Getting Meat Home

Discussion in 'How To Hunt Big Game' started by timmymic, Mar 27, 2019.


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  1. timmymic

    timmymic Well-Known Member

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    I'm from WI and have an antelope and deer hunt (hopefully draw both) this fall in WY. What are you guys doing with quarters to get them home? Or are you deboning everything?
     
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  2. lancetkenyon

    lancetkenyon Well-Known Member

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    I freeze gallon jugs of water. They stay frozen a long time in a good ice chest, and when they do start to melt, they do not leak or let the meat sit in water.
     
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  3. memtb

    memtb Well-Known Member

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    If you have the means, trailer, or lots of truck bed space ect. A small chest freezer (5.0 cu ft. under $200), a small generator (only need to run occasionally)....bone-out meat, wrapped in plastic wrap (multiple 20 pound or so parcels), once home thaw and process parcels as time allows. That’s one option!

    That freezer is pretty handy for bringing food from home, to your hunting location! We have one in our camper....real handy for longer vacations or our 3 week + fall/winter boondocking hunting trips! Lots of home cooked meals, ready to eat. Less kitchen time! memtb
     
  4. rogerstv

    rogerstv Well-Known Member

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    We drove home to Illinois from Wyoming with Antelope in non-Yeti coolers. My hunting partner was prepared to purchase dry ice. No need. The meat was quartered, boned, and bagged in larger pieces than I normally freeze when home. No issues whatsoever. May have added ice once. Even stayed overnight on the way home.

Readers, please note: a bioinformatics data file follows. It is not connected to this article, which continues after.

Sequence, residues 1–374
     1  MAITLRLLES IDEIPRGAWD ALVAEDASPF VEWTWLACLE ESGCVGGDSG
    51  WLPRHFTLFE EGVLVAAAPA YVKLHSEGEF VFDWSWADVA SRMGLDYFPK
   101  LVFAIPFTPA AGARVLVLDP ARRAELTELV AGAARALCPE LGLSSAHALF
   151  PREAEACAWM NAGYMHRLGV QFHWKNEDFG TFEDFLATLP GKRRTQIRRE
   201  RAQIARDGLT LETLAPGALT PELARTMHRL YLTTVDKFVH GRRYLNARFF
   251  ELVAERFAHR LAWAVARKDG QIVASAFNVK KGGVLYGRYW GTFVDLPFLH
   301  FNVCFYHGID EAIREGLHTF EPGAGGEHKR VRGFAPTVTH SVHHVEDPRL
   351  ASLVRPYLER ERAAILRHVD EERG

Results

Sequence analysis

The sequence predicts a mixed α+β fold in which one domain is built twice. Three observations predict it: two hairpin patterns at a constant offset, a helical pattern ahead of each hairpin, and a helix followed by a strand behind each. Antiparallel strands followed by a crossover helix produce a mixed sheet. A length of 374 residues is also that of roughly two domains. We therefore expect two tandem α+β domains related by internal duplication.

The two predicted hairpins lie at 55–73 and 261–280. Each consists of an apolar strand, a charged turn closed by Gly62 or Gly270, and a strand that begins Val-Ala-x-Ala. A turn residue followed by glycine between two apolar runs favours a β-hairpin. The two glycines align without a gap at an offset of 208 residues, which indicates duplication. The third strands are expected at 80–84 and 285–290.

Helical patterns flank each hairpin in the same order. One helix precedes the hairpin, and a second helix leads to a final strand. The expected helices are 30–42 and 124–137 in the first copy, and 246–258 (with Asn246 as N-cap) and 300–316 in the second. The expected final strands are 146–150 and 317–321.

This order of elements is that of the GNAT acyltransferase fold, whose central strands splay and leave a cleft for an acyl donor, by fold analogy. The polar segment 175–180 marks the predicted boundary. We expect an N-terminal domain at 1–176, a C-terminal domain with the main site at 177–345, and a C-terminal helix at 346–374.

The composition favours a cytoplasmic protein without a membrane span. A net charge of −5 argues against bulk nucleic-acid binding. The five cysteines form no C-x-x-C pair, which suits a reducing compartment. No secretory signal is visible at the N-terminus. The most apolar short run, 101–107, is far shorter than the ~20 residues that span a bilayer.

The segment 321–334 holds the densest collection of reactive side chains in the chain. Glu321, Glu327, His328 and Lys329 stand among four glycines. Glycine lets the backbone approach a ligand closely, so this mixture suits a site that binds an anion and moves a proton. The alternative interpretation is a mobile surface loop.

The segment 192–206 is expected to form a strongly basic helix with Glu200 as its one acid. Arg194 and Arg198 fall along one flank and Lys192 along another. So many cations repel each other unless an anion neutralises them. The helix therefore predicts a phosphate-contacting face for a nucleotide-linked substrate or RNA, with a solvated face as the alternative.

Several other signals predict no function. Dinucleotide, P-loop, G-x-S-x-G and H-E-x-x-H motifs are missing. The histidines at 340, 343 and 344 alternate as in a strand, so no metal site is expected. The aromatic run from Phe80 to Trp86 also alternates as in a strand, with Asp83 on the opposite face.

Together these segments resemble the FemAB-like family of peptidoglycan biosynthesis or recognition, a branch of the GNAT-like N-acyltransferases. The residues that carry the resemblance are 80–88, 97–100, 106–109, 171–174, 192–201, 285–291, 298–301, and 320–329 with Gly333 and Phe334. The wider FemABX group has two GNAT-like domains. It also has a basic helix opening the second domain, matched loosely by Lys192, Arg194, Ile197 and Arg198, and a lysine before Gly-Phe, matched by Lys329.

Our cabin owner provided processing area in a nearby garage.
     
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  5. SilverbulletMAG

    SilverbulletMAG Well-Known Member

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    The following will work for just transporting but I wet age most of my game meat in quality coolers for several days at a time.
    I have a false bottom in the cooler(s) and then alternate thick layers of quality ice and meat, ice and meat. After a couple days, you end up with a thick layer of ice on top that you just top up as needed. Keeps the meat just above freezing...perfect for aging. Sometimes I'll use game bags for everything or just keep the smaller grind pieces in a game bag and keep the larger pieces directly on ice. Keep the drain plug open so the melted ice and blood can run and only keep the drain closed when transporting. This has worked well for me over the years on long road trips from northern MN (whitetail) back down to CO.
    I'll age the meat this way for at least a week but generally longer. Key is to use a good cooler, rotate the meat around the cooler every few days, make sure you have a false bottom so the meat isn't sitting in water/blood and keep it topped with ice and you should have great results as well.

    (edited to clarify it keeps meat just above freezing, not just below)
     
    Last edited: Mar 27, 2019
  6. 460 magnum

    460 magnum Well-Known Member

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    We went on a hog hunt in FL we killed 5 hogs cut them all up and put in the big Coleman coolers with ice 18+ hour drive home to IL no problem what so ever.. Hey @rogerstv I see your from IL also I'm in the very southern tip where about are you located.